They don’t make ’em like they used to

Christmas and New Year usually brings forth a spate of list programmes;  100 greatest comedians, 10 best kids shows of all time, most awkward bloopers etc etc.  But the cuts ran deep this year, so we got re-runs – behold the lists of Christmas past!

One of these pretty crappy shows is ‘100 Greatest Musicals”.  Oh goody, I thought, I love musicals, because I had developed temporary amnesia and forgotten how monotonous and uninspired this show was when I watched it last year.  This particular list favours the schmaltz fests of the fifties, the light opera toffee tin confections peopled by Julie Andrews and Howard Keel.  Rodgers and Hammerstein, Bambi Lynn, brrrrr.  My theory is that if Lloyd Webber builds a reality TV show around it (Jesus Christ Superstar, Sound of Music and yes, Wizard of Oz), it is dead in the water.

To my mind musicals have to embrace the impossible, or have a damn good sense of humour. A dream cast for me is Dick Powell (insane to think that he ran two parallel personas; song and dance man and Phillip Marlowe.  Eat your heart out, Jackman!), Astaire/Rogers, Marilyn Monroe….and musicals should be off their tits bonkers, without question.  The sublime and the ridiculous.  So, as an antidote to Channel 4’s vacuum packed twee fest, here’s my top 3 bizarro musical moments.

 

Number 3:  Most Ludicrous Cameo:  Harriet Hoctor in Shall We Dance (1937).

Rarely has a moment been more shoe-horned into a film.

By this point, the poor viewer has been forced to accept that Astaire is a classically trained ballet dancer in an impression about as convincing as mine of Kofi Annan.  He sort of vaguely whirls around and looks lofty, falls in love with Ginger, falls out of love and then creates a ballet about her.  And then, without warning (about a minute and half in on this clip) comes this:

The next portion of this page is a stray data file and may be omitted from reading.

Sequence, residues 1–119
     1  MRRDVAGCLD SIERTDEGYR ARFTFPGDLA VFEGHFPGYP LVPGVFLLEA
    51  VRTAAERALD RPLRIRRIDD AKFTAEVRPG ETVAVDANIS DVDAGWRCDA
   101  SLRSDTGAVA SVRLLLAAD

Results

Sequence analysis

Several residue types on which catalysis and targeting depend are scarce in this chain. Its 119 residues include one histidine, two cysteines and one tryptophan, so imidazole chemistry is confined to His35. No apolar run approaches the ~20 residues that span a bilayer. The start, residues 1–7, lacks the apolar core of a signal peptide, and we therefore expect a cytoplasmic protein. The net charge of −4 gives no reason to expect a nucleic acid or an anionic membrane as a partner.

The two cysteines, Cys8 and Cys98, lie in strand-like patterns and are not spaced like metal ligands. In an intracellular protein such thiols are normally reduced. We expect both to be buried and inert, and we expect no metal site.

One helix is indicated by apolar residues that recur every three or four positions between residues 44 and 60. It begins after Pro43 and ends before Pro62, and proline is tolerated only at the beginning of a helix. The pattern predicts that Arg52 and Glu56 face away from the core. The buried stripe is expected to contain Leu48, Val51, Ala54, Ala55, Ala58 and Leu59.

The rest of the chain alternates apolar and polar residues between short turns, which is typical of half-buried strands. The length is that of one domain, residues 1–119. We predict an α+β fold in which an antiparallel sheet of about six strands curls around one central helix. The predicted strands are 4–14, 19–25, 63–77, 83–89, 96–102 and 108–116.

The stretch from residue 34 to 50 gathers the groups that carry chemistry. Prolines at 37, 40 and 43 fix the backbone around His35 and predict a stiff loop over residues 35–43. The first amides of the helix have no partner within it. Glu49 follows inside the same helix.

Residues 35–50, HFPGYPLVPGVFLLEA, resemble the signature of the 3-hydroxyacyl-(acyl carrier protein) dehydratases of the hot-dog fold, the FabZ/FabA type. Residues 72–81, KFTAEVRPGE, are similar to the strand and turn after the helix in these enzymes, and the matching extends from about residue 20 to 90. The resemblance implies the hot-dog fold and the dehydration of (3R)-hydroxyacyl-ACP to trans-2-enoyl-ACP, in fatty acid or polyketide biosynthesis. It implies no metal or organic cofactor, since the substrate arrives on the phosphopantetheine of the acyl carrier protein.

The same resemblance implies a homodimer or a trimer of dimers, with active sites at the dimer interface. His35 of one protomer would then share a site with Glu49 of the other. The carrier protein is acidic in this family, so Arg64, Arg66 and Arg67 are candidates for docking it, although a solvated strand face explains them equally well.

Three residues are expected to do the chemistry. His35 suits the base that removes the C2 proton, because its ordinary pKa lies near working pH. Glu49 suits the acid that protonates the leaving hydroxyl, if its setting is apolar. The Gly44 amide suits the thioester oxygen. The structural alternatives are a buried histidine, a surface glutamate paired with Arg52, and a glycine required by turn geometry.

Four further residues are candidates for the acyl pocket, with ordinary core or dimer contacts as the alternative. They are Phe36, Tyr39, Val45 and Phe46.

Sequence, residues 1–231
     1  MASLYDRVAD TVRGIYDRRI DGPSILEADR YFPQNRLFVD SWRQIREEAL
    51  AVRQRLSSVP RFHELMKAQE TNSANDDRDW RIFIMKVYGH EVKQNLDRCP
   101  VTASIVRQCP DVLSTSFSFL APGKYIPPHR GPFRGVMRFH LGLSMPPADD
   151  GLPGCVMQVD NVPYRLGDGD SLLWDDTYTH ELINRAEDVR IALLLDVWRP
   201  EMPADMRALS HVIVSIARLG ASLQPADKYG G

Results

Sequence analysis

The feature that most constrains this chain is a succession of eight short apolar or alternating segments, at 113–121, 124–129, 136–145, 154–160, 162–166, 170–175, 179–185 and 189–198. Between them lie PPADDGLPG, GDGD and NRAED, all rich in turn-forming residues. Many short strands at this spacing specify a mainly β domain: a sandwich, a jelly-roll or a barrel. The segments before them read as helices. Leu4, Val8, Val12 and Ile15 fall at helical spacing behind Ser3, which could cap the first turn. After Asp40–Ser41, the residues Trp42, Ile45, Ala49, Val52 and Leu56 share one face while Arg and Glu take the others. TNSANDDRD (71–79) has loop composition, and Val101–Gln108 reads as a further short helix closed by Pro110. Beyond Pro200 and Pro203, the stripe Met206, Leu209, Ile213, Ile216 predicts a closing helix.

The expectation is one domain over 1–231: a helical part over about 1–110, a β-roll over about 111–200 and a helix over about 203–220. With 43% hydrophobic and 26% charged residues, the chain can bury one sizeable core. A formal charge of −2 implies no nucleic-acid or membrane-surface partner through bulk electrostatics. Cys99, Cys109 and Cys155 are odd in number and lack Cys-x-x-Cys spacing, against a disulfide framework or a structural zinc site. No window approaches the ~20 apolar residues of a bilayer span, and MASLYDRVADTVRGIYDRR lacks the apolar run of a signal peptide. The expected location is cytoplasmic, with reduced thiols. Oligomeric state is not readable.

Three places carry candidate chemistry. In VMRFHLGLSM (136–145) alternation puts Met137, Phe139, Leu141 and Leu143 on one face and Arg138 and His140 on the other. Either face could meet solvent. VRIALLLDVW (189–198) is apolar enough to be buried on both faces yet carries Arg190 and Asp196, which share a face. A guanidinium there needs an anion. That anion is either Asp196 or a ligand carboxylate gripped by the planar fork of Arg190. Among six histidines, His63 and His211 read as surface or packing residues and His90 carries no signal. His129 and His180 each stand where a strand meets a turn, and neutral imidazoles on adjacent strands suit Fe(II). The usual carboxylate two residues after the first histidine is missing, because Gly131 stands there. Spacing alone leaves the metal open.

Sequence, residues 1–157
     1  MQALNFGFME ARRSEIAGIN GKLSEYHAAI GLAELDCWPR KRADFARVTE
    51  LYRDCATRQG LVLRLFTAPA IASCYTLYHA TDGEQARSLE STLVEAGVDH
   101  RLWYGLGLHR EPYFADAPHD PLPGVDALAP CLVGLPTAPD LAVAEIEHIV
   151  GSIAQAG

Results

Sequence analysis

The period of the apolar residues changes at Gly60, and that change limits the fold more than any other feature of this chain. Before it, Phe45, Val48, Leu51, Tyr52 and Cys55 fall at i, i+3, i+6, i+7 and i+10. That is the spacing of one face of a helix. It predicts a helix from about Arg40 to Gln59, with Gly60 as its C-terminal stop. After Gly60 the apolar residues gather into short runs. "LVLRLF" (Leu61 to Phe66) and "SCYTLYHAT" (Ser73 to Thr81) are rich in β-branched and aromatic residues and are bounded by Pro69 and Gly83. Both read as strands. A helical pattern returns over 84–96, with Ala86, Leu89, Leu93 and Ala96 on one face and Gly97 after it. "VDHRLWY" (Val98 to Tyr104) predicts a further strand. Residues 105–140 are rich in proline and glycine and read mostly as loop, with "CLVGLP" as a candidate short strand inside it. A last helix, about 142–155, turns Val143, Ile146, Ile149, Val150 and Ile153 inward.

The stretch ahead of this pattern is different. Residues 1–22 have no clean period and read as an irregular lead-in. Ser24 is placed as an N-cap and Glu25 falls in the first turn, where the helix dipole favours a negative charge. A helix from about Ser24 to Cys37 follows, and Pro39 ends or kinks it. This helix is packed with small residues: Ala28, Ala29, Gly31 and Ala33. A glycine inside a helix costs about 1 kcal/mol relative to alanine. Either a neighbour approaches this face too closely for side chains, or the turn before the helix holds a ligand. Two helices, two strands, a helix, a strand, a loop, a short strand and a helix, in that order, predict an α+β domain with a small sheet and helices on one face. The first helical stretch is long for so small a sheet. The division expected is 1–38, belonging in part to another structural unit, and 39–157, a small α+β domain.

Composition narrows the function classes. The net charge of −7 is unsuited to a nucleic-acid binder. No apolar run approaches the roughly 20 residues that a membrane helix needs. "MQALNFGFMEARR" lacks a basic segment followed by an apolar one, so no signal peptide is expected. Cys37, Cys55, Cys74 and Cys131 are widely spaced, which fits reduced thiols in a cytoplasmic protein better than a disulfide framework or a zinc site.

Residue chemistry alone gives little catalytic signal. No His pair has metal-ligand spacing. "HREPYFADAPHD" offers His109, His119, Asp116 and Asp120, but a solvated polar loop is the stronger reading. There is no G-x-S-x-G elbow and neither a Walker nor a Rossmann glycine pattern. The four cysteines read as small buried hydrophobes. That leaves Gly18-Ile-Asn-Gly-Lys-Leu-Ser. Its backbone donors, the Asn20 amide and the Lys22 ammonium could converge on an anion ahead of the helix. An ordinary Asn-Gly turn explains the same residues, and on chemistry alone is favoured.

Needless to say, bendy toe-dancing did not have the cultural impact of the Charleston or twist.  Perhaps because of its difficulty but more likely because it looks ridiculous.  I dare you to break it our next time you’re on the dance floor.

 

Number 2:  Most unsettling viewing experience:  Lullaby of Broadway from Gold Diggers of 1935.

I love misreading prescription labels.  It allows me to accidentally overdose on antibiotics and have dreams like this:

 

 

Vertiginous angles and PVC shorts.  Dick Powell’s gurning face adds to the disturbia like a clown doll in a jumble sale.  And am I right in thinking this is all a bit fascist?

Honourable mention:  The freaky baby (played by Billy Barty) who pervs on the chorus girls in the Honeymoon Hotel number in Footlight Parade.  Go see!

 

Number 1:  Sheer lunacy:  Ain’t there Anyone here for Love? from Gentlemen Prefer Blondes (1953)

When I watch this film I make noises like Homer gargling waffles.  It is my absolute clothes crush of all time.  In the cold light of day, everything about the film is odd (including it’s outmoded misogynistic world-view, thank goodness).  Particularly the dance routines, in which Marilyn and Jane Russell look like they are fighting their way out of a series of increasingly tight-fitting polo necks:

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If you haven’t seen ‘Ain’t there Anyone Here for Love’, you must, if only to see Jane Russell repeatedly fail to score with a series of fey chorus men pretending to be Olympic athletes.  They do fake dancey wrestling in flesh coloured pants and then Jane falls into a swimming pool.  I repeat:  I cannot urge you enough.

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I think old musicals are film perfection.  Critics say that they don’t make them any more because the viewing public are more sophisticated, cynical even, and we don’t accept the suspension of disbelief. Poppycock!  If we really do view smarter now, how come producers keep casting Gerard Butler as a charismatic lead, something which takes a much bigger leap of faith for the cinemagoer?  Nah, they don’t make them anymore because they know they can’t.  Why try and improve on such bonkers perfection?

 

Please add any favourite bonkers musical moments that you have – I am all ears and eyes.

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4 thoughts on “They don’t make ’em like they used to

  1. that scene in the Metro-Goldwyn-Mayer studio with pink-purple stardust and gene kelly and cyd charisse dancing a modern musical number called “Broadway Melody” (reference of the first sound film to win an Academy Award for Best Picture) from ”Singin’ in the Rain”

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